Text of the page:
Most people wouldn't buy a home without an attorney, or start a business without an accountant. In the same way those professionals assist with complex legal and financial processes, a civil engineer trained in the specific field of design and construction can help your HOA navigate the budgeting and capital improvement landscape by conducting a reserve study.
Many of New Jersey’s condo communities were built decades ago, and in many cases, deteriorating infrastructures are now presenting HOAs with serious maintenance and improvement costs. In cases where neither the condo association nor the property management company is equipped to deal with such technical issues, hiring a civil engineer can be helpful. A prudent civil engineer will thoroughly evaluate the property, consider cost-saving options, minimize unplanned capital expenditures, insure that governmental regulations are being adhered to, and make sure that costs are based in reality rather than on averages or on hypothetical life-expectancy tables.
Look Before You Leap
For example, an association may request an evaluation of the building’s roof system. In addition to the building’s location, there are many other characteristics that affect the longevity of a roofing system. A trained professional (an engineer or architect in this case) will typically have the expertise to evaluate many other characteristics of the roof. These characteristics include roof pitch, sun exposure, presence of overhanging trees, existence of proper eaves, gutters and flashing, quality of material and installation, extent of cuts and corners, ventilation, roof color, and a host of other affecting factors. An engineer or architect with the appropriate background can provide an informative assessment of the actual roof system conditions.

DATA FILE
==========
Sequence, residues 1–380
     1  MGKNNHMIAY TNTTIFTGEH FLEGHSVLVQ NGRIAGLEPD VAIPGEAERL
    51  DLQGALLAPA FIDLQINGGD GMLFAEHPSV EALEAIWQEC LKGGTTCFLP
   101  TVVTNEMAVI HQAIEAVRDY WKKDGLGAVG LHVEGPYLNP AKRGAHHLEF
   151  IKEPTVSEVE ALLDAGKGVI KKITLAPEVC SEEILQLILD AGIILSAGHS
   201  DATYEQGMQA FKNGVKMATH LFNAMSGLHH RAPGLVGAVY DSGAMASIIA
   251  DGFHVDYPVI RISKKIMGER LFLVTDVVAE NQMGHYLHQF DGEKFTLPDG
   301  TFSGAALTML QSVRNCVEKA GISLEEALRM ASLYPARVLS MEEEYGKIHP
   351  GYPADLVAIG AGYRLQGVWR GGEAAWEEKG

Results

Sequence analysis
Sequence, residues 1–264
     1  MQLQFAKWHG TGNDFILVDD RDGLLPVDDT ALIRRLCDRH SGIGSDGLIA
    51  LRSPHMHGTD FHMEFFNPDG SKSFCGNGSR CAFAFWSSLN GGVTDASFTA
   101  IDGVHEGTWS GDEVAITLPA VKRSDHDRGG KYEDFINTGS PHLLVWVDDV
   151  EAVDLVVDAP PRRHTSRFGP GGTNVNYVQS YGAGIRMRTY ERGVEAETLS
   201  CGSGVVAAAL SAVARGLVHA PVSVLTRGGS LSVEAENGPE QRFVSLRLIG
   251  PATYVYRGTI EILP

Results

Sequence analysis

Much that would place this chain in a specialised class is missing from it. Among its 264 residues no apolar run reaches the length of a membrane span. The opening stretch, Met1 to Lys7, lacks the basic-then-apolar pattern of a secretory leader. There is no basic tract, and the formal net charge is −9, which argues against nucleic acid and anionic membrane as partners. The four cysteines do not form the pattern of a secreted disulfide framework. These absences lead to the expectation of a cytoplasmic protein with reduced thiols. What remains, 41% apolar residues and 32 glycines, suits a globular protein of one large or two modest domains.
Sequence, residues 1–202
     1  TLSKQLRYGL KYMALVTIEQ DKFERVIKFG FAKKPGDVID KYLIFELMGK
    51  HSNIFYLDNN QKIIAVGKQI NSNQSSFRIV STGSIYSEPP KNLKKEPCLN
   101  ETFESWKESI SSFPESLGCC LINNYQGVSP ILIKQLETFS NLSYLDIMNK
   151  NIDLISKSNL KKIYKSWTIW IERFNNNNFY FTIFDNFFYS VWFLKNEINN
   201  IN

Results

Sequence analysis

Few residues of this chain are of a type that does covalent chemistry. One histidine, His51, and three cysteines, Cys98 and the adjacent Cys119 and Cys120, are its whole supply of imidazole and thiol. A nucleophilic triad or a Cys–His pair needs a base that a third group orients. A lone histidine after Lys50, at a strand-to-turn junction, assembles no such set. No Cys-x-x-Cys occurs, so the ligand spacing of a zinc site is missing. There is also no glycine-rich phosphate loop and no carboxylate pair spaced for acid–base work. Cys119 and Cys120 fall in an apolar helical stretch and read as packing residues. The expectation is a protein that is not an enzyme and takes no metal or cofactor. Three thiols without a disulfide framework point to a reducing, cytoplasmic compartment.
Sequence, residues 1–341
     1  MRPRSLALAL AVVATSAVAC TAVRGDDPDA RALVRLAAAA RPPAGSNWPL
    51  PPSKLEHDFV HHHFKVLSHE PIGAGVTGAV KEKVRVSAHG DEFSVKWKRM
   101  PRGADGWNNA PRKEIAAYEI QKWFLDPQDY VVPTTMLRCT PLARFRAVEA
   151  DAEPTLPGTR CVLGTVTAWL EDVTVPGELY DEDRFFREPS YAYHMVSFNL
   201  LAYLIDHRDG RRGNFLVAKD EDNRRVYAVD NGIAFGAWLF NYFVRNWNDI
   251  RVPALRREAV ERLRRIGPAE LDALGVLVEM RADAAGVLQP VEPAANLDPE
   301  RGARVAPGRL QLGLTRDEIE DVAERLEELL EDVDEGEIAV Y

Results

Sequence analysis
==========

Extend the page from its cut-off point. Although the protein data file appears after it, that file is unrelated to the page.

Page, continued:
Another example might be an asphalt-paved roadway. Like roofing materials, pavement also deteriorates over the course of time due to weather and ongoing wear from traffic. But a close evaluation of a paved road can often expose many other underlying issues that should be considered prior to investing in a new pavement overlay or repavement project.
Water, for example, has an enormous impact on a paved road. If a paved surface is continually in need of repair, or fails to last as long as its projected useful life, a professional civil engineer may expose the reasons for the failure and suggest new approaches or methods for repairs. Perhaps the roadway system is failing due to poor drainage, or subsurface soil conditions are shortening its useful life. A full assessment and making recommended repairs might add another 10 years to the life of the surface. These options may be of interest to the community association, but they would never know unless a qualified individual is engaged.